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Nursing2015

August 2005, Volume 35 Number 8 , p 25 - 25

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Abstract

function openWeblink(url,target,width) { if (!width) width = '100%'; var newWindow; newWindow = window.open(url,target,'width='+width+',height=480,status,resizable,titlebar,toolbar,scrollbars'); newWindow.focus(); } function set_JnlFullText_Print() { metaTag = document.createElement('meta'); metaTag.setAttribute('name','OvidPageId'); metaTag.setAttribute('content','JnlFullText_Print'); head = document.getElementsByTagName('head')[0]; head.appendChild(metaTag); return; } if (window.addEventListener) { // DOM Level 2 Event Module (NS 6+) window.addEventListener('onload',set_JnlFullText_Print(),false); } else if (window.attachEvent) { // IE 5+ Event Model window.attachEvent('onload',set_JnlFullText_Print); } // For anything else, just don't add the event Full Text   #header-block { display: none; } © 2005 Lippincott Williams & Wilkins, Inc. Volume 35(8), August 2005, p 25 How do I verify NG tube placement? [CLINICAL QUERIES]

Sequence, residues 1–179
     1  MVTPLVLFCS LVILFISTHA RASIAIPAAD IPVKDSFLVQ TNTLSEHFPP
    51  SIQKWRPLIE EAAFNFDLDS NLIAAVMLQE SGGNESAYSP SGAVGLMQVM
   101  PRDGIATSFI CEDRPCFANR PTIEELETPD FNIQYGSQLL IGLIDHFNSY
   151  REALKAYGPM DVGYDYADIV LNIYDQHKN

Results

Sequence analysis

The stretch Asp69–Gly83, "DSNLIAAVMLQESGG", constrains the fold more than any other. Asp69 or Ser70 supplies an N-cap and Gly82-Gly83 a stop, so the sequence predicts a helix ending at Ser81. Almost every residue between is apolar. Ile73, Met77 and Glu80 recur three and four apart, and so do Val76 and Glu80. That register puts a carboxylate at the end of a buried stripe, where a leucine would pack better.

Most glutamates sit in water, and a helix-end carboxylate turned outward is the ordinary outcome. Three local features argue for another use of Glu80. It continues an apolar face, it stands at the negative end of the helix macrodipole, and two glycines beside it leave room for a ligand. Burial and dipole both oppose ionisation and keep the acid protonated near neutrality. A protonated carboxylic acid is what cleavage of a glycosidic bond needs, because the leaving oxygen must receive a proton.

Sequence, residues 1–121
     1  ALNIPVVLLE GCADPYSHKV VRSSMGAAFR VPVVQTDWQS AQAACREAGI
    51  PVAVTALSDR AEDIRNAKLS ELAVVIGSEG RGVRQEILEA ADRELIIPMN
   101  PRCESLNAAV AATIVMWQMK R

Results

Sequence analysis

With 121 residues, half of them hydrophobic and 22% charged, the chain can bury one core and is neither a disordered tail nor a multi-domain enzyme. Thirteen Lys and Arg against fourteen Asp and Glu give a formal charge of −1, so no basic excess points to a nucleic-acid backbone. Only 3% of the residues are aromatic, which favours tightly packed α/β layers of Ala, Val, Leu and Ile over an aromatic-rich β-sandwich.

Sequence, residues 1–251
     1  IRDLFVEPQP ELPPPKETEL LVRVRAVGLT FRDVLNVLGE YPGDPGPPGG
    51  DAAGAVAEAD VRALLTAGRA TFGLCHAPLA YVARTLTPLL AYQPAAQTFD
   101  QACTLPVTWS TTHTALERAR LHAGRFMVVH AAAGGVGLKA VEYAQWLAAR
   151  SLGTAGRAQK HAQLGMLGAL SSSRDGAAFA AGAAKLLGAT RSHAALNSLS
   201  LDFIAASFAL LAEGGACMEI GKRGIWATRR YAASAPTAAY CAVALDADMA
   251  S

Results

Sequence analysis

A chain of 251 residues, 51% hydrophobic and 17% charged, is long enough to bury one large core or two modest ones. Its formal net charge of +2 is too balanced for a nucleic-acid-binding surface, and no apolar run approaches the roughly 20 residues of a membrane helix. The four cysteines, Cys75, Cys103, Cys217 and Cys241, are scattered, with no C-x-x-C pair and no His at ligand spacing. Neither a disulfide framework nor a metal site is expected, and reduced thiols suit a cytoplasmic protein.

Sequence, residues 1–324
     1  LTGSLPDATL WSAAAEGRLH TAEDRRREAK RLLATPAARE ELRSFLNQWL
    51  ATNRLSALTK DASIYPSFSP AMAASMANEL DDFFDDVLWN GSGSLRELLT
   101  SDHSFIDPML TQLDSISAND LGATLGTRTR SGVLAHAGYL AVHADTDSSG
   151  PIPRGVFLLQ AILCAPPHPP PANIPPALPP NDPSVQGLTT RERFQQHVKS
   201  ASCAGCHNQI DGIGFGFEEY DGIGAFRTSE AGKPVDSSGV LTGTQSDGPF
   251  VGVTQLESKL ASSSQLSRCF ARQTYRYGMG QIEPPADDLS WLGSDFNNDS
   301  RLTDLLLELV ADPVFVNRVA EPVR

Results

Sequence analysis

I have an adult patient who's receiving feedings via a nasogastric (NG) tube. Tube placement was verified by X-ray after insertion, so why do I need to reconfirm placement before administering a feeding? —H.P., LA.

Judy Sweeney, RN, MSN, replies: Rule number one is never put anything in an NG tube unless you know that its tip is in the stomach. Although an X-ray taken immediately after tube insertion confirms NG tube placement at that time, the tube can become displaced later. Where could it go? It can migrate up the esophagus and into the lungs, or it can move down into the duodenum. Or a portion of tubing may coil in the pharynx. Risk factors for NG tube displacement include decreased level of consciousness, confusion or agitation, poor or absent gag or cough reflexes, and endotracheal intubation.

At the bedside, I use the AAA system to remember the steps to ensure correct NG tube placement and prevent aspiration. You can use this method if the NG tube is being used for suction or for feeding. ...

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